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Thursday, September 10, 2009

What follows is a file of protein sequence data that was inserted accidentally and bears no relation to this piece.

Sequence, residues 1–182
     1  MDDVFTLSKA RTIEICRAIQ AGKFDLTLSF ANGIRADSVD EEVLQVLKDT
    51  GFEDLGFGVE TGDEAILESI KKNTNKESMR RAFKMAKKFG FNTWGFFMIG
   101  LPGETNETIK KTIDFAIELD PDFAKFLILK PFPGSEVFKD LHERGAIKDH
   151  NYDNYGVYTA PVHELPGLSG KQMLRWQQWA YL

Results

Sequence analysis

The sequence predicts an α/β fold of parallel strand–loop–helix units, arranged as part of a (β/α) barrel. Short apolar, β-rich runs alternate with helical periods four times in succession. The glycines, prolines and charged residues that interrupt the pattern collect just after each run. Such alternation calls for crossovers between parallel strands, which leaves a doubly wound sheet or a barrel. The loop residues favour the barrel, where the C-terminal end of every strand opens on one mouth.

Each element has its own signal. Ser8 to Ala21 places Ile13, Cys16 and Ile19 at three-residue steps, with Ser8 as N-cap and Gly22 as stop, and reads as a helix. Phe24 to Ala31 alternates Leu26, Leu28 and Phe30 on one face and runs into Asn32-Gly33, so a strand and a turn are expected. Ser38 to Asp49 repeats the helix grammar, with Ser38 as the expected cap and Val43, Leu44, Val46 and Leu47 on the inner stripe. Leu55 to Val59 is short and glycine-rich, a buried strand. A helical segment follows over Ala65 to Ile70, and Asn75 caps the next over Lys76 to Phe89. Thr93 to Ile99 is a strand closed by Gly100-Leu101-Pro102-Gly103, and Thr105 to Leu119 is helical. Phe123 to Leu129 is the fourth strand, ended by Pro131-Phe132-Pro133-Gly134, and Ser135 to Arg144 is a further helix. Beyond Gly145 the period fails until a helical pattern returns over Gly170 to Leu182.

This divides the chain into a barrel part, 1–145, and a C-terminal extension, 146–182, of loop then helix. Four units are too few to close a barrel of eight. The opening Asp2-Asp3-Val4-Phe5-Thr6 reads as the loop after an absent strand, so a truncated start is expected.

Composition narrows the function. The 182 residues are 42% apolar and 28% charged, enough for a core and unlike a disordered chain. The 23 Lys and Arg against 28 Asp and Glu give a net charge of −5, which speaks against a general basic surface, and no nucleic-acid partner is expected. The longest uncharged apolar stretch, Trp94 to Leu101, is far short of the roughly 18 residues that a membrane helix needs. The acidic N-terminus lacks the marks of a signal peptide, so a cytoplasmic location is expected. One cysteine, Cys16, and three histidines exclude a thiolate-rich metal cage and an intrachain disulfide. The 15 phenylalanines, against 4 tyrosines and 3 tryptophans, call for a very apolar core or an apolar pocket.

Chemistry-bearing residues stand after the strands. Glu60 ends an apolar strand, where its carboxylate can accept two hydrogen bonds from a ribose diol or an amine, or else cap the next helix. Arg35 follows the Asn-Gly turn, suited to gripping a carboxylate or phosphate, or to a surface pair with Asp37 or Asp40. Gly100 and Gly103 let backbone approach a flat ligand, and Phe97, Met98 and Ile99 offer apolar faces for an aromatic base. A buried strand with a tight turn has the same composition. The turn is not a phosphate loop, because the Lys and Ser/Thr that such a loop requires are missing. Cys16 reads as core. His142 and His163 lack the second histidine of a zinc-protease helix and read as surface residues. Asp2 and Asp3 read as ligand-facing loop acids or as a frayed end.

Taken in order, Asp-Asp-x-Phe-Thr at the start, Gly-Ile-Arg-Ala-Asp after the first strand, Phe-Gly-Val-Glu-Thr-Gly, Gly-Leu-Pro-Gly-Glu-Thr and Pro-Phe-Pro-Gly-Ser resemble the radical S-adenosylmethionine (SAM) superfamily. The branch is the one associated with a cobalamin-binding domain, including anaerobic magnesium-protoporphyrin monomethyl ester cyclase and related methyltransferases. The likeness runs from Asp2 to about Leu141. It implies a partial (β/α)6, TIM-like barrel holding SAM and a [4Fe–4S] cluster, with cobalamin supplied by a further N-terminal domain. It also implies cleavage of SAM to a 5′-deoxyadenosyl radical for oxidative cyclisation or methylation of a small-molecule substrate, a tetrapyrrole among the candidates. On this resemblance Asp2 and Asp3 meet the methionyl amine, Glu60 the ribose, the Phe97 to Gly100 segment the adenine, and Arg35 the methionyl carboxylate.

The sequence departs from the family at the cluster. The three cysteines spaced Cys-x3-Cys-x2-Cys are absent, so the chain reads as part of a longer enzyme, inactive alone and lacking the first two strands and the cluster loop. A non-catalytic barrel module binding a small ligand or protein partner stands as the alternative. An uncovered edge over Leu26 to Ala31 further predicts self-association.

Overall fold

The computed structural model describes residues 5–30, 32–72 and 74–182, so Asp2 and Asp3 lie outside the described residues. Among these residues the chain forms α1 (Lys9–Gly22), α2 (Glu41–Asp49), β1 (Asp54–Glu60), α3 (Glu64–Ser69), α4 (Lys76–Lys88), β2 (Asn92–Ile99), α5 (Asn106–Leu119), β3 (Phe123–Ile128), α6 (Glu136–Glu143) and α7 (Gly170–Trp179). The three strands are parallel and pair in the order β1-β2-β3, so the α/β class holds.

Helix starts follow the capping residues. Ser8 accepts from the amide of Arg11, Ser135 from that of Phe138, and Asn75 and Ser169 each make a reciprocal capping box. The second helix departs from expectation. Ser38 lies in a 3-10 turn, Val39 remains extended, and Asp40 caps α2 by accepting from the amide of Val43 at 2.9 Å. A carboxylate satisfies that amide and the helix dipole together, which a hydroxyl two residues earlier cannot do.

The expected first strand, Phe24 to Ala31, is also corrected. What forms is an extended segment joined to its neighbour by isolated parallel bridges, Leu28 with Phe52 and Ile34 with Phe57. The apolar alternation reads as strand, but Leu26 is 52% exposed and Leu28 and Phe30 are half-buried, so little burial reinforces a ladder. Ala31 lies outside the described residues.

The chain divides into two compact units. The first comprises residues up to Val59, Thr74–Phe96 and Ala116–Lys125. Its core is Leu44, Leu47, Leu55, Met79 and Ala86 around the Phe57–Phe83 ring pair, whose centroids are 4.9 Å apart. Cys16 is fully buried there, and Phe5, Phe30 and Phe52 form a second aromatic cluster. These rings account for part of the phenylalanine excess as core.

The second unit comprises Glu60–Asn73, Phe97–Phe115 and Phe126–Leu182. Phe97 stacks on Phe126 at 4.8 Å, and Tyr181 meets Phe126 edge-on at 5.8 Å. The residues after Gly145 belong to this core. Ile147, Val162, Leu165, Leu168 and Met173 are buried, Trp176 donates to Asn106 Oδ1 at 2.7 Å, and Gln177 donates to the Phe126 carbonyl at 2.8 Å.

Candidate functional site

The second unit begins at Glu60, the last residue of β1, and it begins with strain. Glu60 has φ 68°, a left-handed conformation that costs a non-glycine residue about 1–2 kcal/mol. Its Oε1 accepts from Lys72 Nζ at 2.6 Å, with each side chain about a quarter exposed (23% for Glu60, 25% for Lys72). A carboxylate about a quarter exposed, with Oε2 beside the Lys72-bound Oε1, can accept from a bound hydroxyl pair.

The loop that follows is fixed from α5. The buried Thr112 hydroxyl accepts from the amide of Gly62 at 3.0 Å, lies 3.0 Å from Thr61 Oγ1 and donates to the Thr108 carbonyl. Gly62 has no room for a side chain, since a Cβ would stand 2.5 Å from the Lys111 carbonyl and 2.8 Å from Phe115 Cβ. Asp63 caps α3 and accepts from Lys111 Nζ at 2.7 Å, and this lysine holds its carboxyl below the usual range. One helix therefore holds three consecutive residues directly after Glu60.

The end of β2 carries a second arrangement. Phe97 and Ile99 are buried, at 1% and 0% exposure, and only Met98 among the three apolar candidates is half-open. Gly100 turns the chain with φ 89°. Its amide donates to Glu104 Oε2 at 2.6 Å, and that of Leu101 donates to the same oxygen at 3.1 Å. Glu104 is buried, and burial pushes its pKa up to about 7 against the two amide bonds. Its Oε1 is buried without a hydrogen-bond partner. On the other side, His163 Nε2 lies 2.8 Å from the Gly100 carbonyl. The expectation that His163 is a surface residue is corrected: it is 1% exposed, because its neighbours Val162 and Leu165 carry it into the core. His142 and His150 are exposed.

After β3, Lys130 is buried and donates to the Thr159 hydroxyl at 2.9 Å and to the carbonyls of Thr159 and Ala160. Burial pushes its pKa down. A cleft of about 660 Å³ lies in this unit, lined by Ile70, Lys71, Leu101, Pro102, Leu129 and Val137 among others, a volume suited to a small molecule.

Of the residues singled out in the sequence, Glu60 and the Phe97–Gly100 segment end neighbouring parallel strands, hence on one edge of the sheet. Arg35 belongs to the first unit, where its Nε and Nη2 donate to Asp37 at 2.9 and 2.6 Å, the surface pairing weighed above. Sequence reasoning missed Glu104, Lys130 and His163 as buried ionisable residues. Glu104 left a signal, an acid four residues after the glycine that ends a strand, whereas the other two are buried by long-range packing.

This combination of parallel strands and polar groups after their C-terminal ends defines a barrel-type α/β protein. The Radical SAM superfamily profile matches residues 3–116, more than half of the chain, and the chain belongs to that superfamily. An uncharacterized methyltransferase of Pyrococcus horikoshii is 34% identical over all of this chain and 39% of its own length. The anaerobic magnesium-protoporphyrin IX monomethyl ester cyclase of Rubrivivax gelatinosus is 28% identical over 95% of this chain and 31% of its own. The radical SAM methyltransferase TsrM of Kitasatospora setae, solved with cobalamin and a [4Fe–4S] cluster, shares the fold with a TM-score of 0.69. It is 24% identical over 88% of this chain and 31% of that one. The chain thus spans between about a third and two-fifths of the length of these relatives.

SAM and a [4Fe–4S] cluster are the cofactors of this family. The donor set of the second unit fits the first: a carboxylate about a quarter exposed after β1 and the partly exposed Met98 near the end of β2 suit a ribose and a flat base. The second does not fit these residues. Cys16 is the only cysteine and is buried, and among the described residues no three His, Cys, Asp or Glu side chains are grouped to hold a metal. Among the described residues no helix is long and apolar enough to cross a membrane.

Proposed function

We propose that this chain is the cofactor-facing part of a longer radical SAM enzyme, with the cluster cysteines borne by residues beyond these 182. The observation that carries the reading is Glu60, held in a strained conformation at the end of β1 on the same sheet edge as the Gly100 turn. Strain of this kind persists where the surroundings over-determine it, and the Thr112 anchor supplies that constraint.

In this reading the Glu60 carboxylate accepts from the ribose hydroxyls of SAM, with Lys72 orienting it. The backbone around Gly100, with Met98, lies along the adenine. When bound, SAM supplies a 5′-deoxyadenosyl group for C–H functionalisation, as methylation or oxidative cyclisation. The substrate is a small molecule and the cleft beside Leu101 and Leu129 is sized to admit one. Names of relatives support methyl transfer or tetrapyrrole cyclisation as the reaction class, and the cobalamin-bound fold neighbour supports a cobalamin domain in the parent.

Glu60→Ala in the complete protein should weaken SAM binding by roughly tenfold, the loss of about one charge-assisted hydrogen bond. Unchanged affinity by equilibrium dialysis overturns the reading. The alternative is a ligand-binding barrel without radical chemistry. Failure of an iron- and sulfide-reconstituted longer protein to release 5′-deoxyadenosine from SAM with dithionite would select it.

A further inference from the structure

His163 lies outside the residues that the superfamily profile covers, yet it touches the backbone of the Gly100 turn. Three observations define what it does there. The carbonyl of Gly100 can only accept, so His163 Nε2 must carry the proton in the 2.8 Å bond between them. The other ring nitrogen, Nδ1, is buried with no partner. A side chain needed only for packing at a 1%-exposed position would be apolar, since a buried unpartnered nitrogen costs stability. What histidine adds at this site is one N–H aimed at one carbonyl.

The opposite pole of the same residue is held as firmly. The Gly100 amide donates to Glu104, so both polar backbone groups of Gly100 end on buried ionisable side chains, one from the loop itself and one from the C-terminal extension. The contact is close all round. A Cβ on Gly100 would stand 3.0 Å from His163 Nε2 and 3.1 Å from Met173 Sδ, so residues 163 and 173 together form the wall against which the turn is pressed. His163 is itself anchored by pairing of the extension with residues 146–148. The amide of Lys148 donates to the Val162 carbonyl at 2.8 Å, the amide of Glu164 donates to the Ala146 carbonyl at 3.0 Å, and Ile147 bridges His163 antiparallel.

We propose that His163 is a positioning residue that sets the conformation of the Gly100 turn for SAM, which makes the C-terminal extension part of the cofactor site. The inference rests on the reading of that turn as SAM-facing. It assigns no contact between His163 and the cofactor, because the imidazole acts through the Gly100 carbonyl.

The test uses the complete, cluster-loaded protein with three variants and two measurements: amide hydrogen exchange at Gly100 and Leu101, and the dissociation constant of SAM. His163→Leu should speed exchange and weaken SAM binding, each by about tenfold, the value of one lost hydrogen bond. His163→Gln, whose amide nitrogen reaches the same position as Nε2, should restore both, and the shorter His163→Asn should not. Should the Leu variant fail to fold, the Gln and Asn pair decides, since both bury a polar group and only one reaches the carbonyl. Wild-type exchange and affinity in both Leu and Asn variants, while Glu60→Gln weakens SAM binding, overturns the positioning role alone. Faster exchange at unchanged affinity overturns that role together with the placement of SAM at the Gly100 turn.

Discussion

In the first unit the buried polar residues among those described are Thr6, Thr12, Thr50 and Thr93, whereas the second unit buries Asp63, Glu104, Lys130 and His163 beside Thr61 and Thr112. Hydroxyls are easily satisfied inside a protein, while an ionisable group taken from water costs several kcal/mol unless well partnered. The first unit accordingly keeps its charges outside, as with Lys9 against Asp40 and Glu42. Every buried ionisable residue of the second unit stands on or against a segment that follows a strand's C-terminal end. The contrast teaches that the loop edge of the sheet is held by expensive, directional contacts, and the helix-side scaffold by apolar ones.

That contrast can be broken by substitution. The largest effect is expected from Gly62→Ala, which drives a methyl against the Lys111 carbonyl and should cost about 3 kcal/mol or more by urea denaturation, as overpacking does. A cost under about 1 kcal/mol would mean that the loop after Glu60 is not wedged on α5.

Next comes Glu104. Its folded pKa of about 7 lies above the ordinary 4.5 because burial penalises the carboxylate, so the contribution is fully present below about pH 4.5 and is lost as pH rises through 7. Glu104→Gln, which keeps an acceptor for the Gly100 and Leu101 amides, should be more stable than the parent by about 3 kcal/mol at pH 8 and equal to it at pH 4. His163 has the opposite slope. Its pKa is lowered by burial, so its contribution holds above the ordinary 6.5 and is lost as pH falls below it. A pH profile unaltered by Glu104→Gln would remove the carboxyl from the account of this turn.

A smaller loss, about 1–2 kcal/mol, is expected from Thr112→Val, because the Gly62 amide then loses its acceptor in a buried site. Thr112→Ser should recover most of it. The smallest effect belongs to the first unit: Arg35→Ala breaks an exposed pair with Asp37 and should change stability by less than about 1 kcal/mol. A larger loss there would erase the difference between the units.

Clean Scans?

Clean Scans?